From Motion Plus Design, a non-profit project setting out to create the first exhibition center dedicated to motion design in Paris, comes this wonderful short film on the history of the discipline, from its start right at the dawn of cinema, to its coming of age in the 1940s in the work of experimental artists like Oskar Fishinger and Norman McLaren, to its Golden Age in the 1950s and '60s with icons like Saul Bass and Maurice Binder, to its explosion into omnipresence after the digital revolution.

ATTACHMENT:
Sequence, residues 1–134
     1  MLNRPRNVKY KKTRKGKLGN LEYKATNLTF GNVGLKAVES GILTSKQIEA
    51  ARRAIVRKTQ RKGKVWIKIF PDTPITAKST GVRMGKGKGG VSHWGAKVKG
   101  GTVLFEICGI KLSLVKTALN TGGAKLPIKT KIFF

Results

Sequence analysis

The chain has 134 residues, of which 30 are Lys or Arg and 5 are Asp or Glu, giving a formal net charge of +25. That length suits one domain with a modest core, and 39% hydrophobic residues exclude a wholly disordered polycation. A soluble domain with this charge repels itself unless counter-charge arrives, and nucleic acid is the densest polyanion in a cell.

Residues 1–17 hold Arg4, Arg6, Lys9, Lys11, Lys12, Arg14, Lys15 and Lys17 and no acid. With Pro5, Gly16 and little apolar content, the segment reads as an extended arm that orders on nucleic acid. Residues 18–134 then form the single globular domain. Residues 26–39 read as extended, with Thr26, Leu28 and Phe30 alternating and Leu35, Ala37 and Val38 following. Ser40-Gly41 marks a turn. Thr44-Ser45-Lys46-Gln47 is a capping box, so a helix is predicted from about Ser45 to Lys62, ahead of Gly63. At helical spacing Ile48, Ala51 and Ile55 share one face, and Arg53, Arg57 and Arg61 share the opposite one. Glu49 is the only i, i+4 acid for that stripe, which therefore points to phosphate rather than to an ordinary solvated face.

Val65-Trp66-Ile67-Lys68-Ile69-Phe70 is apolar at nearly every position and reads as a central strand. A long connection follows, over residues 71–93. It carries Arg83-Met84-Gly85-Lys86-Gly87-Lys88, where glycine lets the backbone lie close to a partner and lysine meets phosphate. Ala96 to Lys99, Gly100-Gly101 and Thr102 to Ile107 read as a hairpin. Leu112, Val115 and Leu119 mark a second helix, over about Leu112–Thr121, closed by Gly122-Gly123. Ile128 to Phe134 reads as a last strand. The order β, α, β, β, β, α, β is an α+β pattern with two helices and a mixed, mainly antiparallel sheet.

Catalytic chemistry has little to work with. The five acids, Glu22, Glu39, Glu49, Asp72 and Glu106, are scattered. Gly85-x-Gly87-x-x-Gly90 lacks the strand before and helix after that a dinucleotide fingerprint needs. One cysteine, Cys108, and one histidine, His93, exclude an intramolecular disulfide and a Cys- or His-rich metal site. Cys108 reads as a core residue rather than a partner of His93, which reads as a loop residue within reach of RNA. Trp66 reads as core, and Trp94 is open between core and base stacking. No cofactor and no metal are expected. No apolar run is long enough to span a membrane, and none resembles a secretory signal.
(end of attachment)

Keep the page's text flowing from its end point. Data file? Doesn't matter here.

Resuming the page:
So where is the boundary between animated film and Motion Design? Although this boundary remains blurred, the distinction lies where traditional animated film features a story in which characters express themselves.
(See also this 2-minute history of film title sequences.)
For more on the subject, see Jon Krasner's exhaustive Motion Graphic Design: Applied History and Aesthetics. And for a true treat from the greatest motion designer of all time, you won't go wrong with the highly anticipated definitive monograph Saul Bass: A Life in Film & Design, designed by Bass's daughter Jennifer and written by renowned design historian Pat Kirkham.
This post also appears on Brain Pickings, an Atlantic partner site.